The public doesn't understand the consequences of putting local police in the role of immigration enforcers, Montgomery County Police Chief J. Thomas Manger said in an interview last week. A law such as Arizona's controversial immigration measure would require county police officers to spend hours, instead of five minutes, on a traffic stop trying to determine the vehicle occupant's immigration status, Manger said.
"That would be taking a whole squad out of duty," he said.
Speaking a day after he joined about a dozen police chiefs from Arizona, as well as Los Angeles, Houston and other metropolitan areas, in meeting with U.S. Attorney General Eric Holder, Manger said, "Every one of us realizes the frustration the public has on the issue."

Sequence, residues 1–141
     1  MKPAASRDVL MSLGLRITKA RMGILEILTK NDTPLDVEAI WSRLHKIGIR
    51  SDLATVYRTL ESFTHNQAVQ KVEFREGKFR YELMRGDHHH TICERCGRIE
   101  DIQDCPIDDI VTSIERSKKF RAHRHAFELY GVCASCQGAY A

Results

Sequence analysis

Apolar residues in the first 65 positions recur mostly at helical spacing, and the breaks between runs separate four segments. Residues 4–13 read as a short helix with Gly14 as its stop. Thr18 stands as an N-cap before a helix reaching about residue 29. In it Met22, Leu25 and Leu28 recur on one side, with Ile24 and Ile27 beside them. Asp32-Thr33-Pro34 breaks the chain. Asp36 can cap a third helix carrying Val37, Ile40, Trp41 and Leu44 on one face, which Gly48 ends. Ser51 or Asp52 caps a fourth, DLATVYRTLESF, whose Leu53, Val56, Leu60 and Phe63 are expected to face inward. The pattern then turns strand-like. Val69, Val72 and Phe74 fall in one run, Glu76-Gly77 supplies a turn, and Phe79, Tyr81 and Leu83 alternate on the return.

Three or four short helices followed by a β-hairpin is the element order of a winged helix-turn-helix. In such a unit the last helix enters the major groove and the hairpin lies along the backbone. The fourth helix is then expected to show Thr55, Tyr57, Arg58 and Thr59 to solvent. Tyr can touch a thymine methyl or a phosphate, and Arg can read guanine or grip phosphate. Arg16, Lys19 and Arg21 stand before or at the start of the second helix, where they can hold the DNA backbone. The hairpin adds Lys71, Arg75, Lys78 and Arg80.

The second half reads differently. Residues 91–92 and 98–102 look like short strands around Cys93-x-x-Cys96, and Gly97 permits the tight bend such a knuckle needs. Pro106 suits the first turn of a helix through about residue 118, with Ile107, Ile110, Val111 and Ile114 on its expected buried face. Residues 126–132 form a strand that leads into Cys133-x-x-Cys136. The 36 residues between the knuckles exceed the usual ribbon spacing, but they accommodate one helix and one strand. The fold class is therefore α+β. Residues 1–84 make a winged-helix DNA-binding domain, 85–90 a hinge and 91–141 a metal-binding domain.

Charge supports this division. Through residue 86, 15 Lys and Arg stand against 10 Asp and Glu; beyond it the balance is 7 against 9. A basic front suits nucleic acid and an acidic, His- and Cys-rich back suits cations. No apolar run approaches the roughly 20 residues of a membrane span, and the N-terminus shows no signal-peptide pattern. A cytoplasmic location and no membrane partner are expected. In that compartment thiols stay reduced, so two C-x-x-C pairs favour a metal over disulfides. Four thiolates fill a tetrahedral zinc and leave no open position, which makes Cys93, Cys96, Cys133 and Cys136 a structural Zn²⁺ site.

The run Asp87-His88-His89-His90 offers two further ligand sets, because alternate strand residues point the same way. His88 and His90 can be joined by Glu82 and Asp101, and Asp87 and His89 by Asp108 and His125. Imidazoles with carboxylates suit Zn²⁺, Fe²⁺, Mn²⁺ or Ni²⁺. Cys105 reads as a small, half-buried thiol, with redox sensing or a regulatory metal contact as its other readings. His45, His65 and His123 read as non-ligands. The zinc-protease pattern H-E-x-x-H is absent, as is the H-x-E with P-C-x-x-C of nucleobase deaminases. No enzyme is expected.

But, he said, the Arizona law would lead to more problems without addressing the root causes of illegal immigration. At the Washington, D.C., meeting May 26, the chiefs told Holder they are concerned that the new law could force illegal immigrants to go even further underground.
"Laws like this will actually increase crime, not decrease crime," said Los Angeles Police Chief Charlie Beck.
At a press conference the same day outside the Justice Department, the chiefs also said they worried that other states could adopt the law. Several chiefs said an Arizona-type law could drive a wedge between immigrant communities and the police, eroding trust that police departments have worked to build over the years as a crime-fighting strategy. SOURCE: Gazette